Firmly believing that styles and schools hamper rather than train our artistic understanding of the world, here Dubuffet has tapped into the unrefined vitality that is lost through teaching and discipline. His early, pre-War works tended to be influenced by artists like Suzanne Valadon, but now he managed to 'unteach' himself everything that he had learnt and in so doing to rediscover a potent and unrestrained vision of the world. In Trinité Champs-Elysées, he has translated this vision onto canvas. The heads of the individuals appear as bubbles, disproportionate and child-like; each wide open face conversely a closed and concealed world in itself. Dubuffet's interest in sound and music, which he especially developed over the next two years, intrudes into Trinité Champs-Elysées - the sounds of the traffic, the klaxons and engines are almost palpable. Despite the child-like reduction of the human forms in this painting, the density of detail is itself incredible, the product not of the untrained but of a consistent and assiduous artistic project.
The inscriptions, drawn from and satirizing the street signs, shop fronts and advertisements of the new economy, consist of plays on words which have associative as well as formal functions. In their relationship to the figures, they recall Dubuffet’s interest in early 15th century woodcuts in which pictures and didactic text are combined in a single print, a tradition that continues in popular imagery into the twentieth century with the comic-strip. This fusion of low-brow, ‘base’ media into the sacrosanct realm of Fine Art is consistent with Dubuffet’s irreverent, anti-cultural perspective and provides an interesting European analogue to contemporaneous developments in the nascent American Pop movement, particularly in the work of Claes Oldenburg. Consistently ahead of his time, Dubuffet’s chromatic background, particularly in the upper tier of the composition which is pulled and scraped across the canvas in varying layers, presages Gerhard Richter’s Abstraktes Bilds executed two decades later.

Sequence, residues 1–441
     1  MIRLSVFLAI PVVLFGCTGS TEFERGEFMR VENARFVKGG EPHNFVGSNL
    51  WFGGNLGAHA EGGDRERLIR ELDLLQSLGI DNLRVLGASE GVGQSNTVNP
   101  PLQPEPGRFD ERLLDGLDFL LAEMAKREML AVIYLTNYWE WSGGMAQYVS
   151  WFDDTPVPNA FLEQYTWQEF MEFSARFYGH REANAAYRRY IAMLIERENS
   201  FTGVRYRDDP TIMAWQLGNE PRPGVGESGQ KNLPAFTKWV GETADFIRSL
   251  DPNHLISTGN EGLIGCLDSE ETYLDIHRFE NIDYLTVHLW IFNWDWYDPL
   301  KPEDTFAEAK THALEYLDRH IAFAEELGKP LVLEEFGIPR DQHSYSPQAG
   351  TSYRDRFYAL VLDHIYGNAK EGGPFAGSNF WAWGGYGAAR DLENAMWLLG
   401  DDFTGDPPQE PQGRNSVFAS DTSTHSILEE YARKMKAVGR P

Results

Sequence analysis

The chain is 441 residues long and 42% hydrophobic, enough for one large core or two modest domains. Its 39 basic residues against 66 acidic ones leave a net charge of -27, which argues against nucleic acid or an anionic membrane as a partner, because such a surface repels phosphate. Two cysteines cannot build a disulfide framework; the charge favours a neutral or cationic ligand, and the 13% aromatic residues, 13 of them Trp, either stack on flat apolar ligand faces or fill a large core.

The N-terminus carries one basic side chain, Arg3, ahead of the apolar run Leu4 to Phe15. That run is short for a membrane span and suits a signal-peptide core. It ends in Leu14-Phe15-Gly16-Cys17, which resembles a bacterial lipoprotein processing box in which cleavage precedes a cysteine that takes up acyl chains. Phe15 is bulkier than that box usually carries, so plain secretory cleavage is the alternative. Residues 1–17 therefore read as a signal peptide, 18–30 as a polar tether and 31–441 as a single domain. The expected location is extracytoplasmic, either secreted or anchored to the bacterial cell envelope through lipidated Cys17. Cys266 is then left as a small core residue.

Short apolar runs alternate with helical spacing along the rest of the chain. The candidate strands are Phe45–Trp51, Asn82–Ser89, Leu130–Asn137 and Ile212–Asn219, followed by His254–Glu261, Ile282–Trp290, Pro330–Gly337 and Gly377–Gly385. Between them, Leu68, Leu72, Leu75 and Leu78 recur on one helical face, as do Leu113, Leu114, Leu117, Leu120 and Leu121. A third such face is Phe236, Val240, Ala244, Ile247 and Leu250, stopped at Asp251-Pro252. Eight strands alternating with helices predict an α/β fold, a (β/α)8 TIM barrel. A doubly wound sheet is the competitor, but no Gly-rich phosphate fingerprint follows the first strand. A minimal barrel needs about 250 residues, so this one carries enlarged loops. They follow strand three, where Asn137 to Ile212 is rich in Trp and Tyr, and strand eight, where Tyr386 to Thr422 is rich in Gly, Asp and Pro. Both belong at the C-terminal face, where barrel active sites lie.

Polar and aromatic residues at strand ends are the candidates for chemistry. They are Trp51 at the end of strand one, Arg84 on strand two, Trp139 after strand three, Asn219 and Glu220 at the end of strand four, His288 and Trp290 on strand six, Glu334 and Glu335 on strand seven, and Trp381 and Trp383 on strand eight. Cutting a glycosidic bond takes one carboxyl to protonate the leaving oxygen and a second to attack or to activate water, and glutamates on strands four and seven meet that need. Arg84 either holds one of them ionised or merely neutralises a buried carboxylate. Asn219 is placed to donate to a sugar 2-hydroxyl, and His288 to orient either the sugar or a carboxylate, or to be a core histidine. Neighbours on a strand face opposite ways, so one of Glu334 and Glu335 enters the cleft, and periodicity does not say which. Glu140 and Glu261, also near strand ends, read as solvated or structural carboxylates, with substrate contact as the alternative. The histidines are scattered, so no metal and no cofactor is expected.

The sheer density of life in this work is emphasized by the density of impasto. Where Dubuffet had recently been using such textures to instill a sense of soil and nature, here he has scratched and sculpted his paint to form the figures and details of the Paris streets. Dubuffet has used the impasto layers in part to make the human presence absolutely unambiguous; both the obvious human figures in the composition and also the presence of the artist discernible in the visible traces of his painterly application. Comparing his 1961 Paris Circus works to his previous, more impersonal output, Dubuffet said that, ``The principle thing about [my paintings of this year] is that they are in complete contrast to those of the Texturology and Materiology series that I did previously. They are in every way the opposite… In reaction against this absenteeist tendency my paintings of this year put into play in all respects a very different intervention. The presence in them of the painter now is constant, even exaggerated. They are full of personages, and this time their role is played with spirit.'' (Jean Dubuffet, `‘Statement on Paintings of 1961’’ cited in Peter Selz, The Work of Jean Dubuffet, New York, 1962, p. 165).